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`Quantum of Solace` to run uncontested in US opening weekend

13-Nov-2008 • Quantum Of Solace

You know there has been a seismic shift in the global marketplace when a studio tentpole can ring up $200 million before its U.S. bow, says the Hollywood Reporter.

That's the likelihood with this weekend's lone domestic opener, the James Bond film "Quantum of Solace" from Sony and MGM, which registered $180 million internationally by Tuesday and was ringing up foreign coin at a daily clip of $10 million this week. The Daniel Craig starrer has been playing -- oh has it been playing -- in dozens of countries worldwide before its domestic debut in a major reversal of the industry norm.

Sony is handling physical distribution of "Solace" worldwide, but MGM was a 50-50 participant in its $200 million production costs. So the partners crafted the unusual global strategy jointly, expanding on the franchise's traditional U.K.-first rollout to unspool the 22nd Bond film in an unprecedented 60 foreign territories before its Friday release in the U.S. and Canada.

The domestic rollout includes showtimes at 12:01 a.m. Friday in more than 1,600 locations.

"The Bond movies belong to the world," Sony domestic distribution president Rory Bruer said. "They're popular around the world, so getting the dates right -- whether domestic or elsewhere -- was particularly important."

Initially, "Solace" was to bow Nov. 7 in the U.S. and Canada, with only the U.K. and a handful of markets getting the film first. But when Warner Bros. bounced "Harry Potter and the Half-Blood Prince" from November to July, executives at Sony and MGM decided to hold back the Bond film one week domestically to open "Solace" closer to the lucrative Thanksgiving period.

Bruer said the film's established international success should help boost must-see interest among domestic moviegoers.

"I certainly believe the buzz is out there, with regard to what it's doing throughout the world," he said. "The world is a much smaller place, and that resonates back to the U.S. as well."

"Solace" has yet to unspool in several overseas markets and won't travel to Japan until January. But its early bow in China and other piracy-prone territories has helped keep unauthorized copies of "Solace" from circulating on the Internet or elsewhere, Bruer said.

"All that has shown up is an unwatchable version on the Internet of really, really poor quality," Bruer said.

Partly because of the global buildup to the stateside bow, the Marc Forster-helmed "Solace" appears likely to mount the biggest domestic Bond opening ever, well outpacing the $47.1 million debut for 2002's "Die Another Day." Many believe a $50 million-plus opening is likely, with a first-weekend haul of $60 million doable if moviegoing proves robust this weekend.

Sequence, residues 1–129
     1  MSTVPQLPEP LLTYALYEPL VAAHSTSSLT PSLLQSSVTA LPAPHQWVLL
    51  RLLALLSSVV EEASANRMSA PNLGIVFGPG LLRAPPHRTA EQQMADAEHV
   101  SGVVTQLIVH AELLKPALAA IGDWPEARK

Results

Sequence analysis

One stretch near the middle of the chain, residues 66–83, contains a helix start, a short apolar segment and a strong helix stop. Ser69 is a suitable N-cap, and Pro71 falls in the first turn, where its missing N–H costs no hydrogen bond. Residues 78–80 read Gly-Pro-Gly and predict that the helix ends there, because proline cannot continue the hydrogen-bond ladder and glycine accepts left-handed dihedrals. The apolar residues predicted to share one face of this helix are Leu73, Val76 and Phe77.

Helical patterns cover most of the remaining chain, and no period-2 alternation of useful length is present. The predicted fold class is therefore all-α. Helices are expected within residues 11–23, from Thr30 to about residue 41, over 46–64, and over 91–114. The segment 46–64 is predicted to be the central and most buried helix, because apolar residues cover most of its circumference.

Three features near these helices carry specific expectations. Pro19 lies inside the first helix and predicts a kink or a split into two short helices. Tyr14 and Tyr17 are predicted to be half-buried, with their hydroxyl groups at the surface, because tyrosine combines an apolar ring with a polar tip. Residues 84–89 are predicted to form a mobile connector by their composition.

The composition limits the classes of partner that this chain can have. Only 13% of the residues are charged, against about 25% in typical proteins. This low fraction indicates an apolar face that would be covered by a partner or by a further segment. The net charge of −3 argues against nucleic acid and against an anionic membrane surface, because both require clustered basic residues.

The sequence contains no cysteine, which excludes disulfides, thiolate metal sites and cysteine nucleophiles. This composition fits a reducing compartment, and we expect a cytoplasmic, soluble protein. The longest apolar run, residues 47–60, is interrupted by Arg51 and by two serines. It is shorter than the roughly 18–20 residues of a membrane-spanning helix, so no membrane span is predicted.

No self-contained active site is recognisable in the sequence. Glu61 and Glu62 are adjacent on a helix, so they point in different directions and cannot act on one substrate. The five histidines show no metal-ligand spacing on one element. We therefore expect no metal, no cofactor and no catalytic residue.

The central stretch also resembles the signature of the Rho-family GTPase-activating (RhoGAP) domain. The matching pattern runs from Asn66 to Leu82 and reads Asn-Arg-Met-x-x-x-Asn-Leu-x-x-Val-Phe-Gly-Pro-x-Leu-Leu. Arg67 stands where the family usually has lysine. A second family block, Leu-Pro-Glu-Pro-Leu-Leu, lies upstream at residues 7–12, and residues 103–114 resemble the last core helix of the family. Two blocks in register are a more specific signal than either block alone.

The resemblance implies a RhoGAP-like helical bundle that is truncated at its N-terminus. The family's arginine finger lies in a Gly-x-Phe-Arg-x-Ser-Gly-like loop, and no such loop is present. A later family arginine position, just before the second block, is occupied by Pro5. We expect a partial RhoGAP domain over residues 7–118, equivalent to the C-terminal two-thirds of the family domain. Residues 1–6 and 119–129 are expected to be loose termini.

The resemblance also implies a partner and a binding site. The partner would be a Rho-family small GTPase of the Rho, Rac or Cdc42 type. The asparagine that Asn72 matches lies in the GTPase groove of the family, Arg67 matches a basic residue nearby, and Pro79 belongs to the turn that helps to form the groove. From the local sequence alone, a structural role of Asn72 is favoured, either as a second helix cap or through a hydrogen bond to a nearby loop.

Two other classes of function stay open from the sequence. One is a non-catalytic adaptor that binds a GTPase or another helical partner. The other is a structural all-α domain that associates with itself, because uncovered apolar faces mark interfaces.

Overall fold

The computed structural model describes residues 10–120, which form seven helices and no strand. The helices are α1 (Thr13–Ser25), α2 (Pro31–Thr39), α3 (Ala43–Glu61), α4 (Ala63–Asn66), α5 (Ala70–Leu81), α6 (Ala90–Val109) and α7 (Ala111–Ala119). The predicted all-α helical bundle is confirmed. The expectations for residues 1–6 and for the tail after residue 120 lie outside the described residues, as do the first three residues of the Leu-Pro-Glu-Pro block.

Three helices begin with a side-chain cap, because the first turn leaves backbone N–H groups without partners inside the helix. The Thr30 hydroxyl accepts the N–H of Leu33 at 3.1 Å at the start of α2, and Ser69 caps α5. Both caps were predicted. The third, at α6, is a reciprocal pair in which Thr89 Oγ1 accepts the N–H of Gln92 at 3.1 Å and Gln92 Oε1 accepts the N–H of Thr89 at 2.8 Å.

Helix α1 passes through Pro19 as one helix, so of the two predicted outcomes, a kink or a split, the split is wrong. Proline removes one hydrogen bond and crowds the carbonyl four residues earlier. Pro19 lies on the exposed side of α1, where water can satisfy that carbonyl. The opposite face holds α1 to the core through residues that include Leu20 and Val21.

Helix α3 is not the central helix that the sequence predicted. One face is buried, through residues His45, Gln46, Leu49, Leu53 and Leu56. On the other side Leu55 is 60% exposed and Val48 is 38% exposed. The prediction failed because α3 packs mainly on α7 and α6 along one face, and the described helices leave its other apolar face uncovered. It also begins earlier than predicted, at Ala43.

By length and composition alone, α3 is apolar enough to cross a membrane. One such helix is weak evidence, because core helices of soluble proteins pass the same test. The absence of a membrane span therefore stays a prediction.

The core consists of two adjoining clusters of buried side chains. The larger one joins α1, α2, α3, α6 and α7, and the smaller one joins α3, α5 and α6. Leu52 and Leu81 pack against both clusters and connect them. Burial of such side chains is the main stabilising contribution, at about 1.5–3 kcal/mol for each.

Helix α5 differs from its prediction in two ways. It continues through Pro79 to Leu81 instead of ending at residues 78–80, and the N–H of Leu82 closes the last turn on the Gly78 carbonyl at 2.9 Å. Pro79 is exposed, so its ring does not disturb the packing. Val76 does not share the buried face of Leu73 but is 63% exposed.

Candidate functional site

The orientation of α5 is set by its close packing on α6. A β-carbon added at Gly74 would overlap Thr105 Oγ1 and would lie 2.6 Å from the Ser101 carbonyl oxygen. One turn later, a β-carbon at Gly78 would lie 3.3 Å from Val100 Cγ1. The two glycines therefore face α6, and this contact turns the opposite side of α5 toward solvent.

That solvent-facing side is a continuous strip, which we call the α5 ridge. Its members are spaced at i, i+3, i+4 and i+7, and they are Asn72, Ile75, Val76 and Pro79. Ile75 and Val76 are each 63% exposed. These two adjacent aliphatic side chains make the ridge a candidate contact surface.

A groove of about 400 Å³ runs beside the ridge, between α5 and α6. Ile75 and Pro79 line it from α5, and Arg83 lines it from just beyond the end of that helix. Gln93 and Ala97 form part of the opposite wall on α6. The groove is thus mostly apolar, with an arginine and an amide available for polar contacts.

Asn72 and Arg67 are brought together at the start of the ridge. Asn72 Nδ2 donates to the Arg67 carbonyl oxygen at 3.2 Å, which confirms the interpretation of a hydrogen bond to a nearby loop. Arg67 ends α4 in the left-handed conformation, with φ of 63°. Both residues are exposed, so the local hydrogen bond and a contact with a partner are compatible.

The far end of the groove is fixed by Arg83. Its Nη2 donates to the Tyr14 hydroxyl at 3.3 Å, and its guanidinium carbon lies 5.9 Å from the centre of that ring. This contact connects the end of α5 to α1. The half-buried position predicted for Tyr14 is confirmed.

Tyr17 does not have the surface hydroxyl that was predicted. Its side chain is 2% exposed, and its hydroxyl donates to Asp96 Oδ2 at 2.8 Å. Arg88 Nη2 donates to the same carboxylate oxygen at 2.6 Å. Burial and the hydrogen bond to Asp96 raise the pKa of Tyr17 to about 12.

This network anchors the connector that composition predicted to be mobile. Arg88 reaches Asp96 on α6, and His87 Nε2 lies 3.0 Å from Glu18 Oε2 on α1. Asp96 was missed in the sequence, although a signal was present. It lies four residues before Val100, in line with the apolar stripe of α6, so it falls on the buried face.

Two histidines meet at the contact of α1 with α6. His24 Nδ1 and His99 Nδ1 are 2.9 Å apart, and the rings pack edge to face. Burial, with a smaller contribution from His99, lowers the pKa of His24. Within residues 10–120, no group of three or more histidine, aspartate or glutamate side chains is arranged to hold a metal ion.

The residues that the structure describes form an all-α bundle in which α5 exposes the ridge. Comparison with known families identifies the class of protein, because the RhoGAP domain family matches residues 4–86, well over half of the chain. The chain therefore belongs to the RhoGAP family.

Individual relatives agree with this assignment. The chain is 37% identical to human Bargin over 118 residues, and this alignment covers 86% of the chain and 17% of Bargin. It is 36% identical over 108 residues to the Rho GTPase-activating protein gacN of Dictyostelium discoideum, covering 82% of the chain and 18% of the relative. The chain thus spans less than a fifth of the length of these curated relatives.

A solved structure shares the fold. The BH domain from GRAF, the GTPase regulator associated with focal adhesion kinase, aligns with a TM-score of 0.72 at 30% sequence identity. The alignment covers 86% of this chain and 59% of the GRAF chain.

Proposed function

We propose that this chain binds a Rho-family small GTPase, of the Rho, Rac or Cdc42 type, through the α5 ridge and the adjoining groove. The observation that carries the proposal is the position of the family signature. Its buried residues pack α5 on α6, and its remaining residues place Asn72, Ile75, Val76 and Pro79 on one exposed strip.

Meanwhile, it bears watching how films held over from recent domestic openings hold up under the 007 assault.

The family comedy "Madagascar: Escape 2 Africa" from DreamWorks Animation and Paramount will seek as much moolah as possible before Disney bows its animated feature "Bolt" next weekend. Animated films tend to play longer than the average release, but the overlap could cause some tumult.

Elsewhere, Universal has a pair of holdover titles targeting different core audiences than "Solace." Yet each could get jostled in a marketplace that will get only more competitive with each successive frame.

Universal's R-rated comedy "Role Models" grossed $19.2 million in an overachieving bow and could see a big second-session drop if younger demographics flock to see Bond. The Angelina Jolie starrer "Changeling" -- which rung up $7.3 million during its second session in wide release for a $20.6 million cume -- might need a leggy theatrical run if the Clint Eastwood-helmed period drama is to attract notable awards consideration.

Similarly, though it's a foregone conclusion that "Solace" will open well, it's more of an unknown how it will hold up domestically once holiday releases starting hitting multiplexes.

Reviews of the film haven't been as solid as they were for 2006's "Casino Royale" -- which marked Craig's first assignment as 007 -- and that Bond installment proved a far greater hit internationally than in the U.S. and Canada. "Royale" rung up $40.8 million during its first weekend in domestic release, en route to $167.4 million U.S. domestically and $594.2 million in worldwide boxoffice.

Two big films bow during the Nov. 21 frame -- the first session in the holiday boxoffice season that runs through New Year's weekend -- with Disney's "Bolt" and Summit Entertainment's vampire release "Twilight" representing a possible boxoffice combo of $80 million or more. The following Wednesday, three more tentpoles open wide: Fox's epic adventure "Australia," Lionsgate's action sequel "Transporter 3" and Warner Bros.' seasonal comedy "Four Christmases."

If the blur of titles isn't enough to illustrate the holidays' hyper-competitiveness, consider this: "Twilight" was outselling "Solace" almost 2-to-1 this week in presales by MovieTickets.com.

Of course, the core teens and tweens fan base for "Twilight" is more likely to buy tickets online than that for a Bond film. Execs at Sony and MGM also can take solace that their film has marked 50% more sellouts than the Summit film -- though "Twilight" still has another week ring up its presales.

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